A few days ago, I was in a pretty down mood. I mostly just wanted to curl up somewhere and hide from the whole world. I felt like a failure, mostly in a professional sense, but in a bit of a personal sense as well. I was really doubting my ability to write anything that could reach anyone.
I went for a drive. I had a weak reason for going – I intended to pick up a few items at the grocery store – but it was an trivial reason. I really didn’t need to go out at all. I didn’t really think that much about where I was going, either. I just felt like driving – simply doing something to make myself feel better.
Before I could blink, I found myself wandering around an electronics store. In my hands, I held a pair of headphones, and I was fully intending to buy them. Why? On the rare occasions when I actually listen to my iPod while walking around (instead of having it linked to speakers), I’m fairly frustrated by the “bud” headphones that come with the device, as they don’t fit in my ears very well. It’s not enough of an issue that I would ever rationally buy a pair of headphones to replace it – I might put it on my Amazon wish list (in case a desperate relative needs a gift idea for me at Christmas) and forget about it.
It was a complete impulse buy – something I hadn’t done in quite a while. I looked at the headphones for a while, even though I had already decided that I wasn’t actually going to walk out of the store with them. The question I kept asking myself, though, is why did I wind up in this situation?
This whole episode made it very clear to me how strong the emotional component to shopping really is. This entire journey – from leaving my house to going to the electronics store to holding a potentially expensive purchase in my hands (these were nice headphones).
I was in an emotional trough – and my immediate, almost automatic, reaction to that emotional trough was to buy something. It’s amazing to me that, almost three years after my financial epiphany, it’s still so easy to turn back to an old emotional crutch.
I’ve had a few days to reflect on this, and here’s what I’ve been thinking.
There can be – and there is for me – a strong emotional component to buying. This is something I’ve talked about quite often on The Simple Dollar, but this stunning little adventure outlines how true this is. If I were in a better mood, I would not have went to the electronics store. I was simply seeking a quick and easy mood lift – and I was seeking it through buying.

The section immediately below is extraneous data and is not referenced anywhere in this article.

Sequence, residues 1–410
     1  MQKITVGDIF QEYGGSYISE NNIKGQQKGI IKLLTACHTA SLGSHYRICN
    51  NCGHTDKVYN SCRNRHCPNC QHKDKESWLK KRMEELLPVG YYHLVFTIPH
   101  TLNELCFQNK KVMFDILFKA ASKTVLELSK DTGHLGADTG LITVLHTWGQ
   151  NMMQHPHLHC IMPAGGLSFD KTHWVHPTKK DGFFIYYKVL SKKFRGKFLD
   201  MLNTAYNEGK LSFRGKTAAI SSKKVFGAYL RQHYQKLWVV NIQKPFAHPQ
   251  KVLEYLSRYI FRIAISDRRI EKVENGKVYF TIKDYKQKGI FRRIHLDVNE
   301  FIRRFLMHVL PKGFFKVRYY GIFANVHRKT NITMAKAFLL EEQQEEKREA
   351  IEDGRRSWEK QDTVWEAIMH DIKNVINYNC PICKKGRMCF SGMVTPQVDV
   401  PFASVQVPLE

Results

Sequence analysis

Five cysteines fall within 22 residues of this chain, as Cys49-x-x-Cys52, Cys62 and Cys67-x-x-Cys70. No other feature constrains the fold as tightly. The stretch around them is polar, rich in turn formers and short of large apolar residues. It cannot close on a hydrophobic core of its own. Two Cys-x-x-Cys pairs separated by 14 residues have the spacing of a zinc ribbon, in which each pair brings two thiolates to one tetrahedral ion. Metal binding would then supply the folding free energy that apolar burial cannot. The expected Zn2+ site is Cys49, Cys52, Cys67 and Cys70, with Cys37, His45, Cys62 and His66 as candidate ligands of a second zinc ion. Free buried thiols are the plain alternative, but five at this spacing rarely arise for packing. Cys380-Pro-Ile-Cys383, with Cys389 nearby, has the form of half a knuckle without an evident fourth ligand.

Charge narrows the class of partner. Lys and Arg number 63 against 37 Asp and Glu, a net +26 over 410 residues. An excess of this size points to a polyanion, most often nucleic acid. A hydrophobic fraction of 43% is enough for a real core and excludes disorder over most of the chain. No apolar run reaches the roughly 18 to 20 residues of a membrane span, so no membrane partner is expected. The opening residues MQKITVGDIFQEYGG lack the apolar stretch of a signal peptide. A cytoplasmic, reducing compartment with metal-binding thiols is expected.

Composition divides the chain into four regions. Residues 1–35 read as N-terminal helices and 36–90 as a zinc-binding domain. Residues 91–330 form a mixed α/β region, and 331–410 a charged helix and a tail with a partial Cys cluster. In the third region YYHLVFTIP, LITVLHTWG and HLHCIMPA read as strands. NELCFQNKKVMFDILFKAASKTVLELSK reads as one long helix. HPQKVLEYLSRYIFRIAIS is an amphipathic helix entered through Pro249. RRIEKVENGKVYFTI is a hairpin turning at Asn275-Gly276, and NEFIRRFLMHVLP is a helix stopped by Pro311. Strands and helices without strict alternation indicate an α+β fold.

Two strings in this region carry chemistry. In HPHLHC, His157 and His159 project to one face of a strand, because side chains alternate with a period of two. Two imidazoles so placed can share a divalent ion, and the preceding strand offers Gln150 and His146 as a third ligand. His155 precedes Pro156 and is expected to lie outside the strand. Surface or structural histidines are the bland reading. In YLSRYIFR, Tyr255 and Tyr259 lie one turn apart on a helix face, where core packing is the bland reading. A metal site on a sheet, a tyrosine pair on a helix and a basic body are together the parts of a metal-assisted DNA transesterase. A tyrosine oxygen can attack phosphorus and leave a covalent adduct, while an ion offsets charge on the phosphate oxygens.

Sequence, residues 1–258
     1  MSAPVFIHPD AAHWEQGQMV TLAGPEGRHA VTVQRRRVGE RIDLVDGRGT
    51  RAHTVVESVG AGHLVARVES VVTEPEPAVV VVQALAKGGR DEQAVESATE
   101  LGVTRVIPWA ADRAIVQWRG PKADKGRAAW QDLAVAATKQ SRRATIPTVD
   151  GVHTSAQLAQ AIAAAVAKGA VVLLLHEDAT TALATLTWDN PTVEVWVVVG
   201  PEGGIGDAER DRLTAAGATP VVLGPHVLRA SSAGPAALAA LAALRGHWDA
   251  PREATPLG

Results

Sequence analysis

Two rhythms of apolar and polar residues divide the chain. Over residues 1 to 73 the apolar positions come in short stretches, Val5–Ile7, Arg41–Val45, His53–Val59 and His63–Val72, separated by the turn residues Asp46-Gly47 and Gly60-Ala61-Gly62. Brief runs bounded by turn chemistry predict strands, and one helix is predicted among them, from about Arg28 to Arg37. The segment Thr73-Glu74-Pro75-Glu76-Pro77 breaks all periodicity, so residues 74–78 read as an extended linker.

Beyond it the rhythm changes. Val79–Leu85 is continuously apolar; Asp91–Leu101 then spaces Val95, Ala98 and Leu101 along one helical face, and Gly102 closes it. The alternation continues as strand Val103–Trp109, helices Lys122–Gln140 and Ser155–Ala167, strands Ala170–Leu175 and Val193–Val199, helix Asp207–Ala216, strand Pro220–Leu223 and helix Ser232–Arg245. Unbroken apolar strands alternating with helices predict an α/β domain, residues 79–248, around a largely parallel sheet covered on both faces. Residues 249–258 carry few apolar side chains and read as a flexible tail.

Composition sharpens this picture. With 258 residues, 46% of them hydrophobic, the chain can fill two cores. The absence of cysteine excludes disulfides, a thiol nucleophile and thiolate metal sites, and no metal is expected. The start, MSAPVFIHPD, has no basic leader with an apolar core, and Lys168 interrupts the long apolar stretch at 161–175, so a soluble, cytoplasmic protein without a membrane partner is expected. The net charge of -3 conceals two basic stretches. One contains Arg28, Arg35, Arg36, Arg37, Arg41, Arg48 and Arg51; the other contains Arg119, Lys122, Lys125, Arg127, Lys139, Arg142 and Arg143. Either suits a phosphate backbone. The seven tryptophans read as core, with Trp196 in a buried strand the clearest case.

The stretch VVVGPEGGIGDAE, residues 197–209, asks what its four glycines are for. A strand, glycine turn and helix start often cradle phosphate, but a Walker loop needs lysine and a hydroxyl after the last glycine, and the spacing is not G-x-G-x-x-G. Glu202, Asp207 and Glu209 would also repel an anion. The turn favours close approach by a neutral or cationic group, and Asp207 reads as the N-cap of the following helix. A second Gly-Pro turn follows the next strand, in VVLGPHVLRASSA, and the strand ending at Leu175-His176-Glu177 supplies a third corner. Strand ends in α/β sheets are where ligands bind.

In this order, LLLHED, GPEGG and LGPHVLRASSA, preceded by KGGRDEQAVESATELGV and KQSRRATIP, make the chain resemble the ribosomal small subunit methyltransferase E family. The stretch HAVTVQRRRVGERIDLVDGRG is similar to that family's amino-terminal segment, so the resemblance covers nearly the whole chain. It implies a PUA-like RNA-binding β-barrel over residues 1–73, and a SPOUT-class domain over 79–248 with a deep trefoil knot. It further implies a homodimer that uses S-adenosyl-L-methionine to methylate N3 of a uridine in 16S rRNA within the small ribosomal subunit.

There’s an addiction component here as well. As I wrote the above story, I couldn’t help but think of how I was reminded of how people I know dealt with substance addictions. They would stay seemingly clear for years, then suddenly relapse back into their addiction. Almost always, I’d later find that the people who relapsed were suffering through a difficult time when they relapsed.
One powerful solution to this problem is to find other ways to lift my mood. A big part of the emotional valley I’m in is the presence of a pretty fierce Iowa winter (keeping me from going outside as much as I’d like) along with my fairly isolated daily schedule. Solutions? Go outside any time the weather cooperates and take a walk. Get some exercise. Interact with more people – I’m not entirely sure how to do this, but I’m looking for some community groups to join. Improving my mood makes me much less likely to reach out for an emotional crutch – which is what such impulse buying really is for me.
The ten second rule really came through for me here. I stopped at the checkout before making the purchase because the ten second rule is almost instinctual for me at this point. That little ten second pause made me reflect on why I was making that purchase – and I didn’t have a real reason at all. Instead, I put the headphones back on the shelf and walked out the door with money in my pocket and reflection on my mind.
If you are trying to get your financial life under control, you cannot let your emotions control your spending. The act of buying something will not bring you lasting happiness – just a little rush that will go away soon enough, leaving you right back where you were with less money in your pocket.